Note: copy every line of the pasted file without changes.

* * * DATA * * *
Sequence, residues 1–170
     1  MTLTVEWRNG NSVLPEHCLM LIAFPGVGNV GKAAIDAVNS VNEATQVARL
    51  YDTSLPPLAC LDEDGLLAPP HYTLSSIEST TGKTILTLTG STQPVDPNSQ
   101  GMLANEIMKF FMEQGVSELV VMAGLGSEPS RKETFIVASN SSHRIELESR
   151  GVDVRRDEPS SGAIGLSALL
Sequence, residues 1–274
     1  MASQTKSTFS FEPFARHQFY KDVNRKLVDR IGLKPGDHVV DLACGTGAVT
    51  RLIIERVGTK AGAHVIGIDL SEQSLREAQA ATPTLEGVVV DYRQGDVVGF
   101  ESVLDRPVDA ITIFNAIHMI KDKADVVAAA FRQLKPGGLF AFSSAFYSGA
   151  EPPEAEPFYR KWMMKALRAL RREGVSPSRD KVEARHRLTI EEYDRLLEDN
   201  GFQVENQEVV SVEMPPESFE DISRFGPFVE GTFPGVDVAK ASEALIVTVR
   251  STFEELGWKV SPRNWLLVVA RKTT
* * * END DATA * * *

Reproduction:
Sequence, residues 1–170
     1  MTLTVEWRNG NSVLPEHCLM LIAFPGVGNV GKAAIDAVNS VNEATQVARL
    51  YDTSLPPLAC LDEDGLLAPP HYTLSSIEST TGKTILTLTG STQPVDPNSQ
   101  GMLANEIMKF FMEQGVSELV VMAGLGSEPS RKETFIVASN SSHRIELESR
   151  GVDVRRDEPS SGAIGLSALL
Sequence, residues 1–274
     1  MASQTKSTFS FEPFARHQFY KDVNRKLVDR IGLKPGDHVV DLACGTGAVT
    51  RLIIERVGTK AGAHVIGIDL SEQSLREAQA ATPTLEGVVV DYRQGDVVGF
   101  ESVLDRPVDA ITIFNAIHMI KDKADVVAAA FRQLKPGGLF AFSSAFYSGA
   151  EPPEAEPFYR KWMMKALRAL RREGVSPSRD KVEARHRLTI EEYDRLLEDN
   201  GFQVENQEVV SVEMPPESFE DISRFGPFVE GTFPGVDVAK ASEALIVTVR
   251  STFEELGWKV SPRNWLLVVA RKTT